In the far north of Australia, there is a vast tract of Aboriginal owned land called Arnhem Land. It covers hundreds of kms of coast, small islands and large tracts of sub-tropical Savanna woodlands. Here live the Yolŋu people.

Not far from the coast in almost the very centre of Arnhem Land there is a small homeland community called Mäpuru. In 2002 fifteen enthusiastic, proud young men who, for a variety of understandable reasons had been reluctant to attend the school on Elcho Island (a ½ hour flight away from Mäpuru) expressed interest in a Vocational Education Training (VET) course under Training Remote Youth (TRY) funding.

TRY was to be different. TRY was aimed at youth who were not attending school. It seemed that there might be hope at last for a change from the endless cycle of training that rarely resulted in employment for trainees. Well, the fifteen young men attended virtually every day, their attendance was very high and they applied themselves to the task, which involved building maintenance – measuring, sawing, nailing, drilling, welding, painting, many of the skills that they hoped would lead them to being employed. At the end of the program, no jobs were offered to these young men despite there being major capital works being undertaken by a number of government organisations. White contractors continued to build houses, extensions to schools, and other government infrastructure. Even the qualified Yolŋu builders and painters could not get a job with any of these contractors. Worst of all the young men who had successfully completed their TRY program felt rejected, like they’d been given another kick in the guts. How could this training help them grow up with dignity and pride? Deep down they knew, they would never get a job, and would continue to be trained’ by whites. They could never be good enough.

The final straw came when an RTO who had organised a training on the Tiwi islands, sought access to the secondary students on Elcho Island. The Tiwi islanders said no they didn’t want the program, so the RTO went to Maningrida and all was ok until Maningrida said no we don’t want your program either. By this time the RTO was desperate to acquit their funds. Well the school at Elcho agreed. The next week the RTO arrived, students were pulled out of classrooms to attend financial management training. A good result for all but the students. The RTO acquitted their funds, the trainer was highly paid, and the school had delivered another training package which would be added to its CV. The program was not only irrelevant and extremely disruptive to the student’s school program, but harmful to their dignity. They knew they were being used.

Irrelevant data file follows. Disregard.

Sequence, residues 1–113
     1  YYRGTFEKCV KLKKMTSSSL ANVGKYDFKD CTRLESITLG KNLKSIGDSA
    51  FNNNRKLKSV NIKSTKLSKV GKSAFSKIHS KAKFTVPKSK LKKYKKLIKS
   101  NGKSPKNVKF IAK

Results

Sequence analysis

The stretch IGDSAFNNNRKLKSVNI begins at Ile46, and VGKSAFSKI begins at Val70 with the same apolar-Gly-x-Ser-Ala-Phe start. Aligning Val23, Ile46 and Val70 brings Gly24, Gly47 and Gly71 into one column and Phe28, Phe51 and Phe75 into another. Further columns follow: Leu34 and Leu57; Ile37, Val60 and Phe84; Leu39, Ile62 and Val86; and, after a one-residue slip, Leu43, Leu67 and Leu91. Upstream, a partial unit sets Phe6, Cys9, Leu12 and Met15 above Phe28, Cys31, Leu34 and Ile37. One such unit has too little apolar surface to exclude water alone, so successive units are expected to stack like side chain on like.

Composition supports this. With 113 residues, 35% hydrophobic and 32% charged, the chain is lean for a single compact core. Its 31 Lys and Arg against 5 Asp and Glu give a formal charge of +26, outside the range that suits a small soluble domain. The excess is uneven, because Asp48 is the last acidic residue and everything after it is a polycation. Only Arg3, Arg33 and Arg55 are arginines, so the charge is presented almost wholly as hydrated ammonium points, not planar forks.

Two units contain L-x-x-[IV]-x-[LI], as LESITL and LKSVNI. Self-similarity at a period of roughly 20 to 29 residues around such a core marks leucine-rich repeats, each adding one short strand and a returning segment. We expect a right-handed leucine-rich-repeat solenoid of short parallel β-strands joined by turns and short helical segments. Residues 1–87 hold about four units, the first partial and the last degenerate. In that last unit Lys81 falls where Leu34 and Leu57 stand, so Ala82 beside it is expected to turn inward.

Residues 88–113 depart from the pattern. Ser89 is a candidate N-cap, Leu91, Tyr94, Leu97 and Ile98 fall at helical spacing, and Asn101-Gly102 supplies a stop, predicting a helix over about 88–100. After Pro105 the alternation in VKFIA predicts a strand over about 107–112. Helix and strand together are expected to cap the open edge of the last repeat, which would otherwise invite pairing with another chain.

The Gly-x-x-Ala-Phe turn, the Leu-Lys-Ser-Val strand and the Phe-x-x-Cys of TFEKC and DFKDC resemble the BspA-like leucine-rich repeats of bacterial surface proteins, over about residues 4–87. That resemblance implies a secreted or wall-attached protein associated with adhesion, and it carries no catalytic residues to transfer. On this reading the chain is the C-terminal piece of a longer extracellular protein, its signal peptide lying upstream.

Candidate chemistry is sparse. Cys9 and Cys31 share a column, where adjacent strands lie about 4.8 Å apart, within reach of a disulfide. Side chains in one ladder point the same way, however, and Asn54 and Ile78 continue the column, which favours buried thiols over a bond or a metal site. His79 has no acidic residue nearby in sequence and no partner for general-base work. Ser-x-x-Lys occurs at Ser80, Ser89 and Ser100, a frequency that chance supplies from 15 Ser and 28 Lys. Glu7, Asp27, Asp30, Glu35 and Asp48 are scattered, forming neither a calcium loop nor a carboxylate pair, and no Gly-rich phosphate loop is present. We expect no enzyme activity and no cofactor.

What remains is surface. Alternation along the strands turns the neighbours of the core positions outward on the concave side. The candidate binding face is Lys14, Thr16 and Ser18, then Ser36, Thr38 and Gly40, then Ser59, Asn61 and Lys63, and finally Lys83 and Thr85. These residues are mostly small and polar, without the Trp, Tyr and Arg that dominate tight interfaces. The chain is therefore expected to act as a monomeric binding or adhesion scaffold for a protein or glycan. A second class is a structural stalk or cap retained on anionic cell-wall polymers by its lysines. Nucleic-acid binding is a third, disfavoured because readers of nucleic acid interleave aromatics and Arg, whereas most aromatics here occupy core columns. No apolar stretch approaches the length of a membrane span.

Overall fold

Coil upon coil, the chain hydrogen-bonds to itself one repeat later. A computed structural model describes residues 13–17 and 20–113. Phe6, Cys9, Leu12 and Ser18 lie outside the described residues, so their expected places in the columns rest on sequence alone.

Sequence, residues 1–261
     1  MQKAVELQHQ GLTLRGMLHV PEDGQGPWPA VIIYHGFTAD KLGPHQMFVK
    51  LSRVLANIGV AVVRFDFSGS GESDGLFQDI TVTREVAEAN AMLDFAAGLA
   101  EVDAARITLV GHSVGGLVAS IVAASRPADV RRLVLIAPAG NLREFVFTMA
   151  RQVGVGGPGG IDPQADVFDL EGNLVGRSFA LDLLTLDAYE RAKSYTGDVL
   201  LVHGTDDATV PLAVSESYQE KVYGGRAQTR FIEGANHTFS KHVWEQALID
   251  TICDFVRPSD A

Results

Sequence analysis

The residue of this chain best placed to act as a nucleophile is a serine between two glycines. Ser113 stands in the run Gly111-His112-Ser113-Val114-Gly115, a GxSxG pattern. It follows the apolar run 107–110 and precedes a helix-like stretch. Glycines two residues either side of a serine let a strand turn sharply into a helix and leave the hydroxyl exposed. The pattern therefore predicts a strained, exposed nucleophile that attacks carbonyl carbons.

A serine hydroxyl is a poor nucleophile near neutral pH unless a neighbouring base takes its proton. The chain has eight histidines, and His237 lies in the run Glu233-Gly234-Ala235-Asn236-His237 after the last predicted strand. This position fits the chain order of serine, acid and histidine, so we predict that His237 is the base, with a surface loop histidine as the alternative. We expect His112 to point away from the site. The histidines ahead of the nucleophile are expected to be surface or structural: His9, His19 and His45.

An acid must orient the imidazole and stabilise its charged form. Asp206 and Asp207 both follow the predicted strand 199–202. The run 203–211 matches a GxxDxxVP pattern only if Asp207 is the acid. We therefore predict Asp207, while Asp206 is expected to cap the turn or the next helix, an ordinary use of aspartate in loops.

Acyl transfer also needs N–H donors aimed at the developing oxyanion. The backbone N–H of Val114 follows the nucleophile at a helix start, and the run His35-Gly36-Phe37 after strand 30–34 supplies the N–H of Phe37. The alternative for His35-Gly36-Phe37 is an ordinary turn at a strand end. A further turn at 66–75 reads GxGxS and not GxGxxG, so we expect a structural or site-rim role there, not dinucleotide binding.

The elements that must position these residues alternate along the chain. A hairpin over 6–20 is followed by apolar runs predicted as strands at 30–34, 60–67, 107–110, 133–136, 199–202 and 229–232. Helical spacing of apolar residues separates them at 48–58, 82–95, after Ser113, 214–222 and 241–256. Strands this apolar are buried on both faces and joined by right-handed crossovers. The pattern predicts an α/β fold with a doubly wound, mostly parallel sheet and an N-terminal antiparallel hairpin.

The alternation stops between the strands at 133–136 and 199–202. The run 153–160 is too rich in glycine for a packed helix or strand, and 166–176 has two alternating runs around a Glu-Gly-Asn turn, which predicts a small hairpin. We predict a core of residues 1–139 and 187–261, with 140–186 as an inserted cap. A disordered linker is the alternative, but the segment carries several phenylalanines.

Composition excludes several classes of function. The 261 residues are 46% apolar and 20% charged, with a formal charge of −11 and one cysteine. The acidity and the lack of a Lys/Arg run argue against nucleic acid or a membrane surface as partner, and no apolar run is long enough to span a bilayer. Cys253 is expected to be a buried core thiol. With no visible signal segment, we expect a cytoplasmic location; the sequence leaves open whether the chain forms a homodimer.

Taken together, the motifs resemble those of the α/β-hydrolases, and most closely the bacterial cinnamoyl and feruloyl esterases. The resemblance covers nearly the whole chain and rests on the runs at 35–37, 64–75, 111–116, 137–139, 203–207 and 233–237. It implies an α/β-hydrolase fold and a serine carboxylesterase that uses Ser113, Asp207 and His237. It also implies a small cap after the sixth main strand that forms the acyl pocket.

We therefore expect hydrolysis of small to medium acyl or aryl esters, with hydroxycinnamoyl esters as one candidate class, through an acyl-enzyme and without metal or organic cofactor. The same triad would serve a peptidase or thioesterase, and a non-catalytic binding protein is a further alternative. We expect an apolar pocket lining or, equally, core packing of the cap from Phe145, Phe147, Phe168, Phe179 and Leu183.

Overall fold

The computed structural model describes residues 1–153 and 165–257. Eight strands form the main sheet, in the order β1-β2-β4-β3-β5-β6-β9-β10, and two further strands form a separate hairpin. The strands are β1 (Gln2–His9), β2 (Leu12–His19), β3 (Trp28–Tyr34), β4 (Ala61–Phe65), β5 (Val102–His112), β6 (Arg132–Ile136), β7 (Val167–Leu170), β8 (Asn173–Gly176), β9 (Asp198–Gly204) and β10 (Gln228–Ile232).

The community decided that this must never be repeated. But where to from here? Thinking through the process it was obvious that Yolŋu dignity and self-esteem could be returned through turning the current model on its head and letting Yolŋu train Balanda (white people). Such a program could only occur on a home-land where land owners have authority to make decisions.

And this is where two sisters and elders from the Mäpuru community come into the story. For many years Marathuwarr, Bambalarra and their daughter Roslyn had put enormous effort and personal expense into weaving baskets, spinning string, and travelling to teach people all over Australia. Unfortunately, these efforts did not translate into income or wider recognition of their skill.

They started to wonder, what if they could be employed as short term artists in residence and teach their expert skills in basket weaving to future generations. Every tertiary institution with a textile school in Australia was contacted with the proposal that they employ these women. There were no takers.

Then out of the blue, a senior tapestry weaver rang from Melbourne. She was interested to visit the women at Mäpuru. The community was keen, but there needed to be more participants. Soon there were three, and the first weaving workshop in Mäpuru was conducted. And what a success it was! Since then (2003) there are 4 annual workshops where both CERES Global and Nature philosophy take groups of 15 people at a time to learn to weave. Each participant pays the women of Mäpuru for this privilege and thus creating meaningful employment on country. The success of these workshops were recognised by the men of Mäpuru, and soon they decided to offer Living on Country Workshops for Men to coincide with the weaving workshops.

But perhaps equally important is that these trips provide so much more than basket weaving workshops and bush survival skills. They are a means of cultural exchange and two way learning and understanding between Yolŋu and Balanda (white people) breaking down stereotypes and building friendship, family, connection and understanding.

To find out how you can travel to Mäpuru visit https://ceres.org.au/global/arnhem-land/

The contents of this story were adapted from the original post on the Arnhem Weavers Website.